Friaries
Friars minors of Ware

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Victoria County History

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William Page (editor)

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1971

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451

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'Friaries: Friars minors of Ware', A History of the County of Hertford: Volume 4 (1971), pp. 451. URL: http://british-history.ac.uk/report.aspx?compid=37972 Date accessed: 20 September 2014.


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16. THE FRIARS MINORS OF WARE

The Franciscan priory of Ware owed its foundation to Thomas second Lord Wake of Liddell, who received the king's permission in February 1338 to give to the Friars Minors a messuage and 7 acres of land in Ware for an oratory, houses and other buildings. (fn. 1) In September 1350 the pope confirmed the acceptance of the site by the minister-provincial and Friars Minors in England. (fn. 2) Land for the enlargement of the priory was granted to the friars in 1372 by Blanche Lady Wake. (fn. 3) For their maintenance the community depended mainly on alms. They thus came into collision with the Franciscans of Cambridge, on whose complaint they were forbidden by the pope in August 1395 to extend their bounds for begging and preaching within 5 miles of any place, except Puckeridge, which before their house was founded had belonged to the district of the Cambridge friars. (fn. 4)

Henry IV, after the death and forfeiture of Thomas Holland Earl of Kent, allowed them the underwood of an acre of wood near Ware, two cartloads of hay from the meadows there, and the fishery of the water along the priory during such time as the late earl's property remained in his hands. (fn. 5)

They must have derived some advantage from burials in their church, (fn. 6) from legacies (fn. 7) and probably from obits, though only one is recorded, that of Thomas Hyde, established in 1525. (fn. 8) But the house must always have been small and poor, and its obscurity was perhaps the reason why Roger Donwe or Dewe, the ministerprovincial, removed for just causes in 1430, (fn. 9) was sent here to end his days. (fn. 10)

The royal supremacy was duly acknowledged by the convent in May 1534. (fn. 11) The warden seems to have been friendly with Lord Hussey in 1537, (fn. 12) but there is no evidence to connect him with the religious troubles. The surrender of the priory took place in the autumn of 1538. (fn. 13) Its lands, including the site, (fn. 14) were worth only 29s. 8d. a year.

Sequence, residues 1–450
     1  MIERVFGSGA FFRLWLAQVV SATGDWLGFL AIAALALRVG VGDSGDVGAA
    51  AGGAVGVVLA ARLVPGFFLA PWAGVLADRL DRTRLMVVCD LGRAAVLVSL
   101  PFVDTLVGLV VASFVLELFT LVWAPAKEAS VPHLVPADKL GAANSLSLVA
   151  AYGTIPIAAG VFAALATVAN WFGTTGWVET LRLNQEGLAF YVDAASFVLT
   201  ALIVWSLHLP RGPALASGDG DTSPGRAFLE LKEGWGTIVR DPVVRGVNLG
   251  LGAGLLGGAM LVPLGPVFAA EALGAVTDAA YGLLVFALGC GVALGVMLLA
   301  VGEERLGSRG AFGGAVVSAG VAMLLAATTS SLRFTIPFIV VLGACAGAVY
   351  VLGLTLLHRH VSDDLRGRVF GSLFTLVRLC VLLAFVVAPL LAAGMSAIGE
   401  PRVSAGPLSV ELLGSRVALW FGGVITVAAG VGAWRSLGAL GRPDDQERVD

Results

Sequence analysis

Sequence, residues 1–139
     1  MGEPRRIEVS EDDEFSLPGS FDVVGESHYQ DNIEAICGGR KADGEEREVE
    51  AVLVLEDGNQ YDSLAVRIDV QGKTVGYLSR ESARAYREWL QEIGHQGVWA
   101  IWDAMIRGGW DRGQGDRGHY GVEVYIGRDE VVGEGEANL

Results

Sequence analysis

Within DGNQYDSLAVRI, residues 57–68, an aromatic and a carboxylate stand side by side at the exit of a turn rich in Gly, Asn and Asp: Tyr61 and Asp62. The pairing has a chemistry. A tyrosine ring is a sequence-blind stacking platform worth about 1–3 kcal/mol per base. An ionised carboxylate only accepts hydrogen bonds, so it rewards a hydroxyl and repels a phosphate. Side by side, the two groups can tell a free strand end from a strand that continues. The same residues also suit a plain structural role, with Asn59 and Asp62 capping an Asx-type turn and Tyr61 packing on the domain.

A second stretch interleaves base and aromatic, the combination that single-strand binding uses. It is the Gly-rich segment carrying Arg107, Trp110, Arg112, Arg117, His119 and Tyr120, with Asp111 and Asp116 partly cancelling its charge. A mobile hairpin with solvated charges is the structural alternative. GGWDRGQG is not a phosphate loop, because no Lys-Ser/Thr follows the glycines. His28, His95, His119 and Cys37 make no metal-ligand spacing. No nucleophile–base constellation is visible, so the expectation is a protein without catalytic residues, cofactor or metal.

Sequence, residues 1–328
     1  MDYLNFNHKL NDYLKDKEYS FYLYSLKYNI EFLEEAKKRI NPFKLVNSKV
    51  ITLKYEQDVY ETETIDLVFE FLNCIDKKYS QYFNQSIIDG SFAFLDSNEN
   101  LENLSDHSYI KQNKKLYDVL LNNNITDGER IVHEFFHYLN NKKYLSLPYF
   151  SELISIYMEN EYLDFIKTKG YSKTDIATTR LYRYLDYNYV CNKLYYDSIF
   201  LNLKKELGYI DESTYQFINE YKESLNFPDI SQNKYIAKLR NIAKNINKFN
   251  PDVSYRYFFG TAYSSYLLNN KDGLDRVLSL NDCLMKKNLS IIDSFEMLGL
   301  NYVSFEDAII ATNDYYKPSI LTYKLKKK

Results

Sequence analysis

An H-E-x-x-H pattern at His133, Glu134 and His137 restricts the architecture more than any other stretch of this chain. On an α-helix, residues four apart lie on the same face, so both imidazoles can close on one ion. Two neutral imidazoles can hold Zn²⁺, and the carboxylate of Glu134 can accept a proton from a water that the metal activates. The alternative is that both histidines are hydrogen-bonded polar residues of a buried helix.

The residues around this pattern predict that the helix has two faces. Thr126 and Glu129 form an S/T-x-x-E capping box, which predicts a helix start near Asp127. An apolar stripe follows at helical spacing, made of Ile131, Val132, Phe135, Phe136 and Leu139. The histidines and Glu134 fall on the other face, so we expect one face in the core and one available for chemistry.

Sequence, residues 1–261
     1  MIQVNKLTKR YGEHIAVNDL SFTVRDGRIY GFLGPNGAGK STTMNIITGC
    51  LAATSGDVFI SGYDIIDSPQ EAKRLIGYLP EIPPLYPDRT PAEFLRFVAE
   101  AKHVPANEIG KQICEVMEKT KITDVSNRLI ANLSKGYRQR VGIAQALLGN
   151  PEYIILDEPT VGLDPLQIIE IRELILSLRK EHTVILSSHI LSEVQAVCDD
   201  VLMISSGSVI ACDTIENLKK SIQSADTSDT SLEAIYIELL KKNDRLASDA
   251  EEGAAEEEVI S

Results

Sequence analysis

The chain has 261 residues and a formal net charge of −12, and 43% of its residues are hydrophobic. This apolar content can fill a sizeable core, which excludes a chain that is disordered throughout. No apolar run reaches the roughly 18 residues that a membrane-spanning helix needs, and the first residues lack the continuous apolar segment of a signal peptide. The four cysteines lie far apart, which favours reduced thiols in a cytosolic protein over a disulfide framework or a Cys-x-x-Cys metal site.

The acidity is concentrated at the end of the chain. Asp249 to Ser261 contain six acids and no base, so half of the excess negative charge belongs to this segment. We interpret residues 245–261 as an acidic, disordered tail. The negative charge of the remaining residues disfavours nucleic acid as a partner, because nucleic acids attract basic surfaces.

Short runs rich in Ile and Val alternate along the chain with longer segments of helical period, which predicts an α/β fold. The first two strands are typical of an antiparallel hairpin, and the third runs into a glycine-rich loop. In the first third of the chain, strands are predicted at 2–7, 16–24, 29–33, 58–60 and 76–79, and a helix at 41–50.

Wardens Of The Friars Of Ware

Paul, occurs 3 October 1525 (fn. 15)

Thomas Chapman, S.T.B., occurs 5 May 1534 (fn. 16)

The contemporary seal (fn. 17) is a pointed oval. On the right kneels the founder, Lord Wake, in armour, with a shield of his arms; opposite to him is his wife, Blanche of Lancaster. The object of their adoration seems to be the Crucified. The field is powdered with stars; there is a little tree between the two worshippers and a larger one at each side. Below, under a four-centred arch, the warden is represented in prayer. Legend: s' GARDIANI (FRATRVM) MINORVM DE WARE.

Footnotes

1 Cal. Pat. 1338-40, p. 14. Weever, Chauncy and others, confusing it with the alien priory, dated its foundation far too early (R. Waters, 'Priory of Ware,' East Herts. Arch. Soc. Trans. i [1], 41).
2 Cal. of Papal Letters, iii, 394; Wadding, Annales Minorum, viii, 75.
3 Pat. 46 Edw. III, pt. ii, m. 32.
4 Cal. of Papal Letters, iv, 517.
5 Cal. Pat. 1399-1401, p. 226. The Earl of Kent was the heir of the Wakes through his grandmother Joan, Princess of Wales. The friars probably enjoyed these privileges under the Wakes and Hollands.
6 Weever (Antient Funeral Monum. 312) records two or three burials here.
7 Elizabeth de Burgh, Lady Clare, bequeathed them 40s. in 1355 (Nichols, Royal Wills, 23, 33); and they are mentioned in other wills (Herts. Gen. and Antiq. i, 47, 316 [2], 318; ii, 91 [2], 238; iii, 274; P.C.C. 21, Bodfelde; 22, Porch).
8 Add. Chart. 36070.
9 Wadding, op. cit. x, 169.
10 Monum. Francis. (Rolls Ser.), i, 539; Little, The Grey Friars in Oxford, 259.
11 L. and P. Hen. VIII, vii, 665 (2).
12 Ibid. xii (2), 2 (3); 157 (2).
13 The Bishop of Rochester wrote to Cromwell 27 Sept. 1538 offering to bring about its surrender (ibid. xiii [2], 437), which was made, however, to the Bishop of Dover (ibid. 1021). It seems to have been in the king's hands about Michaelmas 1538 (Mins. Accts. Hen. VIII, no. 1617).
14 Rented at 20s. (Mins. Accts. Hen. VIII, no. 1617).
15 Add. Chart. 36070.
16 L. and P. Hen. VIII, vii, 665 (2).
17 B.M. Seals, lxiv, 73.